It begins with a dead body at the far end of Baker Street tube station, all that remains of American exchange student James Gallagher—and the victim’s wealthy, politically powerful family is understandably eager to get to the bottom of the gruesome murder. The trouble is, the bottom—if it exists at all—is deeper and more unnatural than anyone suspects . . . except, that is, for London constable and sorcerer’s apprentice Peter Grant. With Inspector Nightingale, the last registered wizard in England, tied up in the hunt for the rogue magician known as “the Faceless Man,” it’s up to Peter to plumb the haunted depths of the oldest, largest, and—as of now—deadliest subway system in the world.
At least he won’t be alone. No, the FBI has sent over a crack agent to help. She’s young, ambitious, beautiful . . . and a born-again Christian apt to view any magic as the work of the devil. Oh yeah—that’s going to go well.
I’ve had a self imposed, almost year long, break from the PC Grant series, but I’ve let myself have a quick binge of the books over the last week or so!
Rivers of London was one of my favourite books in 2015, and while Moon Over Soho was good, it didn’t live up to its predecessor. However, Whispers Underground did not disappoint one bit!
I love everything to do with London, and I’m fascinated by the famous London Underground. Whilst it was a terrifying experience in peak hour, I found it far more interesting and easy to use than my own rail system in Sydney! The Underground has much to offer the imagination in real life… ghost stories, major accidents, secret tunnels, closed off stations and much much more. Aaronovich adds some even more freaky things in there in this book, and god damn, I loved every word.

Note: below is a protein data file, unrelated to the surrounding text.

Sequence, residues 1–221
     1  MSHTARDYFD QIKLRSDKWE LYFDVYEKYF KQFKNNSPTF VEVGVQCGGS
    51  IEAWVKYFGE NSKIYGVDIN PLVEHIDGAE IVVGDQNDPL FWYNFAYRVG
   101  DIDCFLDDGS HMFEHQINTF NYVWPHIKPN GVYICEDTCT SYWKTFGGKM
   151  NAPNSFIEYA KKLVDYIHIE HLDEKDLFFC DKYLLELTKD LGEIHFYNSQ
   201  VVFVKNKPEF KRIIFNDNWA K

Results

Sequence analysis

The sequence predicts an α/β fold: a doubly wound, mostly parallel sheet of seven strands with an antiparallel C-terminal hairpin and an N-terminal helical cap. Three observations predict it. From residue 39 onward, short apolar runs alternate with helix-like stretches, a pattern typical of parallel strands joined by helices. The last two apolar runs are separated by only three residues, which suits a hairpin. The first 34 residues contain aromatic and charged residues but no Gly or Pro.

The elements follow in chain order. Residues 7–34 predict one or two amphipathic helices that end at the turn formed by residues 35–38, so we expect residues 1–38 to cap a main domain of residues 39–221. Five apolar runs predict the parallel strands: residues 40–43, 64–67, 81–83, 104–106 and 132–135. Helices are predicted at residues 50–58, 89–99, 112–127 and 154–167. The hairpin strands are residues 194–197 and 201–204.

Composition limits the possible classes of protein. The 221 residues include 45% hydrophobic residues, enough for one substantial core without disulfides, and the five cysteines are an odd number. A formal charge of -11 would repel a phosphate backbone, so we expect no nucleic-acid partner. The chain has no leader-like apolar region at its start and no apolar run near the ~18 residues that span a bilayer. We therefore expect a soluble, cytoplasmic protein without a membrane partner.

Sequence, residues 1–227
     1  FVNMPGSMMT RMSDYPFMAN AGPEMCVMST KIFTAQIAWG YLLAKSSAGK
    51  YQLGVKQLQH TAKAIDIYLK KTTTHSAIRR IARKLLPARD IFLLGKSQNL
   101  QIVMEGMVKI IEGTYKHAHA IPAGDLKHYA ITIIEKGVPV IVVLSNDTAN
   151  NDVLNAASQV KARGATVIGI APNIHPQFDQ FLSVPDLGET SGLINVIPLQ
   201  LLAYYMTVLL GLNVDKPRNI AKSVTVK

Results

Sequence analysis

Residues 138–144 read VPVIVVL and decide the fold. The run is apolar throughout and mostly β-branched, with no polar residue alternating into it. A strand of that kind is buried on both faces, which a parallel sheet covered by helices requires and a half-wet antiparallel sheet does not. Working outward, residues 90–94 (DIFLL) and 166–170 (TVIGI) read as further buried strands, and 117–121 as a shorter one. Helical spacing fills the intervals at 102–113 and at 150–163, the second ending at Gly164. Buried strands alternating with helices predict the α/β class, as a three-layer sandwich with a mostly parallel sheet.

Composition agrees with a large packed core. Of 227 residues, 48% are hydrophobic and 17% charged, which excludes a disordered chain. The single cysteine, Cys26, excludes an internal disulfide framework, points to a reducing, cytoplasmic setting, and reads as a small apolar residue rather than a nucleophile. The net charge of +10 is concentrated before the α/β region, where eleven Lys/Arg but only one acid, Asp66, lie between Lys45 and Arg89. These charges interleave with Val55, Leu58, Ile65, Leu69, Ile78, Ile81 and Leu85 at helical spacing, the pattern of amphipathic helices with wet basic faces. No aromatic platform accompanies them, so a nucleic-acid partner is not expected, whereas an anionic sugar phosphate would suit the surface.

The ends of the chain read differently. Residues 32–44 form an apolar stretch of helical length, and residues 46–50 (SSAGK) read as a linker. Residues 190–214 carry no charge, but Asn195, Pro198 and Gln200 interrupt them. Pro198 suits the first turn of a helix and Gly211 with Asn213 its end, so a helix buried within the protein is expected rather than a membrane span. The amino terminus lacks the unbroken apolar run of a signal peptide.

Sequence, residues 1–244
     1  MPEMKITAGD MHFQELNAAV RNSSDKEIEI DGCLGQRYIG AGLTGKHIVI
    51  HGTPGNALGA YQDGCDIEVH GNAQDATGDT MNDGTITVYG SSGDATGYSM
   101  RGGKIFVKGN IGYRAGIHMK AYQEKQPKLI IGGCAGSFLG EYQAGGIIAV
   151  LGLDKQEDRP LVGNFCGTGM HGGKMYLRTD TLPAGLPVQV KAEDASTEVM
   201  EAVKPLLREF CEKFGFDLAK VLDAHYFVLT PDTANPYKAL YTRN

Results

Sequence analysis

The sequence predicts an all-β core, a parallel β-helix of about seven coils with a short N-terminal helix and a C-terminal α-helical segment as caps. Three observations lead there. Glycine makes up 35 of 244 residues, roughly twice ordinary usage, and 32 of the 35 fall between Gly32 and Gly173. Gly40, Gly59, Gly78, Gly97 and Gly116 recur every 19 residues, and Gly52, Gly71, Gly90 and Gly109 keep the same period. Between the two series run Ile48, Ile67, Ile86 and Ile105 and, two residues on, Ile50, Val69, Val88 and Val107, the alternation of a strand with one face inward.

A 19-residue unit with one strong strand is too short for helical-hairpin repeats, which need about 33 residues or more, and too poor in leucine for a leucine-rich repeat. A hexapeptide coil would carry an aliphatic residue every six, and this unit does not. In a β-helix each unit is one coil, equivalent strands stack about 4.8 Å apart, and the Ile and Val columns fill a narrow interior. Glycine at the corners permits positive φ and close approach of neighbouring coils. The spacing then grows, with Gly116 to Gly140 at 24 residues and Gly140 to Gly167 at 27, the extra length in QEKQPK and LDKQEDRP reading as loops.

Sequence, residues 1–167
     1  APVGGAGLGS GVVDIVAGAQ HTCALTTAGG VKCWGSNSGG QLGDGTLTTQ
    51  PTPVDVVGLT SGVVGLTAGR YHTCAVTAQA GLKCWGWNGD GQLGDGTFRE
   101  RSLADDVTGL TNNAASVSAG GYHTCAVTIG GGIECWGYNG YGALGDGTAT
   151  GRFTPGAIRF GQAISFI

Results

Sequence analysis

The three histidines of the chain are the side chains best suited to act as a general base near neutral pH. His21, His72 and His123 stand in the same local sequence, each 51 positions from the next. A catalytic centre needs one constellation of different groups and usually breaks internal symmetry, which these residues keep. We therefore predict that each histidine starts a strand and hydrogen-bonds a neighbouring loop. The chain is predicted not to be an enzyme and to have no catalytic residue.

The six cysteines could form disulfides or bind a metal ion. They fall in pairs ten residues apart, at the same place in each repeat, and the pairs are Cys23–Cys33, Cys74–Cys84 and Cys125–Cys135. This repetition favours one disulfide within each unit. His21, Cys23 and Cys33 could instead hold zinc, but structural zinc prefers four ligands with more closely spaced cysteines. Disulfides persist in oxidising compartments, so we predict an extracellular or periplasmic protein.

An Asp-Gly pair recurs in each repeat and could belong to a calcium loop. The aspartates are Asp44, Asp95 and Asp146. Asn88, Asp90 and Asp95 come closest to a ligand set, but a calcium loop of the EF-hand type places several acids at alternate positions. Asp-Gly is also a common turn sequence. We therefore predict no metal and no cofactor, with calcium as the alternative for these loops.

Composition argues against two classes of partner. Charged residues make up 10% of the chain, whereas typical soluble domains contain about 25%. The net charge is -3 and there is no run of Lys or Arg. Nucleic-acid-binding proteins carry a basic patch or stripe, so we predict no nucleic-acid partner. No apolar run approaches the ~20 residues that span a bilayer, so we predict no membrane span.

Peter Grant is your typical bloke… he’s a beer swilling copper, but he also does magic. His amazing partner in law enforcement, Lesley May, is still recovering from the trauma of Rivers of London, but she’s absolutely kick arse and I adore her.
I know many people have a problem with Peter’s take on the women he meets, and as a feminist… I don’t see it. Sure, he looks at women and thinks they’re hot. So what? Every guy does it. Hell, lots of girls do it too. It’s a basic human reaction to seeing an attractive person, and you’re seeing this all through the eyes of an average man. He doesn’t treat women with disrespect, he thinks the world of Lesley and never attempts to “go there” with her, even when he would freaking love to.
I laughed out loud frequently throughout the book, read out bits to anyone who would listen and even went back to read over my favourite sections again. There’s a bit where Peter is trapped in the Underground with the ghosts of the many people who have died there, and it sent chills down my spine whilst reading it late at night!
I love all the references to geek culture throughout the series, and they sent me into fits of giggles on the regular. So many Lord of the Rings quotes! It’s partly why Peter is one of my favourite modern literary characters- so sassy, so geeky and doesn’t take shit from anyone. Except maybe Lesley, but most of the time he deserves it.
The actual crime itself is riveting, and draws in the FBI and a high profile US Senator. There is also the overarching problem of the Faceless Man who started causing problems in Rivers of London, and there is a very intense chase through a deep sewer. Nightingale is as hilarious and badass as ever, and I was pleased to see a fair amount of Molly, the resident creepy housekeeper, involved in this book.
I think this is definitely on par with Rivers of London, and is a book I’m bound to read again! I immediately bought Broken Homes and I’m hoping it’s as awesome as this was!